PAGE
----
'Dragon's lair,' medieval saltworks top Poland draws

KRAKOW, Poland -- Although Krakow sports an endless list of attractions, some essential highlights include:

Wawel: Poland's Westminster and Windsor rolled in one, this flowery hilltop complex features a 700-year-old cathedral, complete with museum, crypt and set of "dragon's bones"; what's said to be the finest Renaissance courtyard north of the Alps, and the cave lair of said dragon, reputedly slain by pre-Christian city founder King Krak.

Polish royalty ruled one of Europe's largest empires from Wawel Hill for more than 500 years. On a New Age note, Wawel ("VAH-vel") is revered as one of the world's seven sacred chakras or energy points. Check online at www.wawel.krakow.pl.

Rynek Glowny ("RIH-neck GWOOV-nih"): The Old Town square, laid out in 1257, boasts St. Mary's Basilica and its famed wooden altarpiece; the Renaissance Cloth Hall (Sukiennice), now home to souvenir shops, and the 14th century, 320-foot Town Hall tower.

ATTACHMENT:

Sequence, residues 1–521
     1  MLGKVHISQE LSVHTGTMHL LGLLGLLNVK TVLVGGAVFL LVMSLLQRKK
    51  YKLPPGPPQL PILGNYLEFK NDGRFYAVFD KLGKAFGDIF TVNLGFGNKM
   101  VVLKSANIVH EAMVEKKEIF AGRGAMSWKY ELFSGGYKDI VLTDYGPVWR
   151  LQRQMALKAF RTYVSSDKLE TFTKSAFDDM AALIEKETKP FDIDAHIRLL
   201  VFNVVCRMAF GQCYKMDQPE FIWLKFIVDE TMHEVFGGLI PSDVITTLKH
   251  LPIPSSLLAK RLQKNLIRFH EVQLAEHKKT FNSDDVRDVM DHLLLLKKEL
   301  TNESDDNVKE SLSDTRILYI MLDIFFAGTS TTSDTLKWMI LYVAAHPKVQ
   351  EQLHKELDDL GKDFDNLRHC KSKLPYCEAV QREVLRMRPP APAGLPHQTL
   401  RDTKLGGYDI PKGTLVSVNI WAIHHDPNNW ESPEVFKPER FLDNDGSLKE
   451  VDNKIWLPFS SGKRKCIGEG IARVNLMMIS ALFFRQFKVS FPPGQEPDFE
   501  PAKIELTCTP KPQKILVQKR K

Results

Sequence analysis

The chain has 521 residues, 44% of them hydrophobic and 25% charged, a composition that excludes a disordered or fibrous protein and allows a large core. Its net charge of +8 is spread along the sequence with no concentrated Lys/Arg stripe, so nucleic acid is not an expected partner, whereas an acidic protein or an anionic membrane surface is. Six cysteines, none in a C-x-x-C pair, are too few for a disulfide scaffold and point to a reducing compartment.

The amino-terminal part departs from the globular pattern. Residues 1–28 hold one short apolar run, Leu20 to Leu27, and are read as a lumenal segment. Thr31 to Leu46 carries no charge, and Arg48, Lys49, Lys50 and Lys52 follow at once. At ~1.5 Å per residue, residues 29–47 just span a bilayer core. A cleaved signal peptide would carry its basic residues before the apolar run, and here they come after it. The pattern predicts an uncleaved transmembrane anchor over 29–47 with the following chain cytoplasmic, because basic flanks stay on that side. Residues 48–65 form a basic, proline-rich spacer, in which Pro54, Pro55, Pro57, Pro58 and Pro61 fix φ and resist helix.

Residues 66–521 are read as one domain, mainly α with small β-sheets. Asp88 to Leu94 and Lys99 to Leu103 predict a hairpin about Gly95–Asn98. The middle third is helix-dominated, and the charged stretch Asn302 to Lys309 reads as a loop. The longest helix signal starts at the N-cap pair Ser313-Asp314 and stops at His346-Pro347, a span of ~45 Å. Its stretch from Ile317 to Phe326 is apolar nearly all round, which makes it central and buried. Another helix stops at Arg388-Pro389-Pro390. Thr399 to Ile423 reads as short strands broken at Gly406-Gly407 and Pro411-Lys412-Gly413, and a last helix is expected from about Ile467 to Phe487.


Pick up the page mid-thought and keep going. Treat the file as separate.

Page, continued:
Wieliczka ("V'yeh-LEECH-kah"): This salt mine, in use since the 1400s, offers walking tours of subterranean lakes and ornate chambers, including several chapels and a church, carved entirely of salt, at depths of up to 450 feet.

Group and individual tours in English are available; open April 16 to Oct. 15. Visit www.muzeum.wieliczka.pl.

Czartoryski Museum: One of eight local branches of the National Museum, the Czartoryski ("Char-toe-RIH-skee") features ancient and Asian art; Polish arms and war booty, and masterpieces such as Da Vinci's "Lady with an Ermine." Located at ul. Sw. Jana 19.

Mounds: Pagan-era and modern-day manmade hills commemorate Polish heroes, both legendary ("Wanda," in Nowa Huta, or "Krakus," in Podgorze) and historic ("Kosciuszko," in Zwierzyniec, or "Pilsudski," in Las Wolski) with spectacular views.

-- Kenneth Kiesnoski

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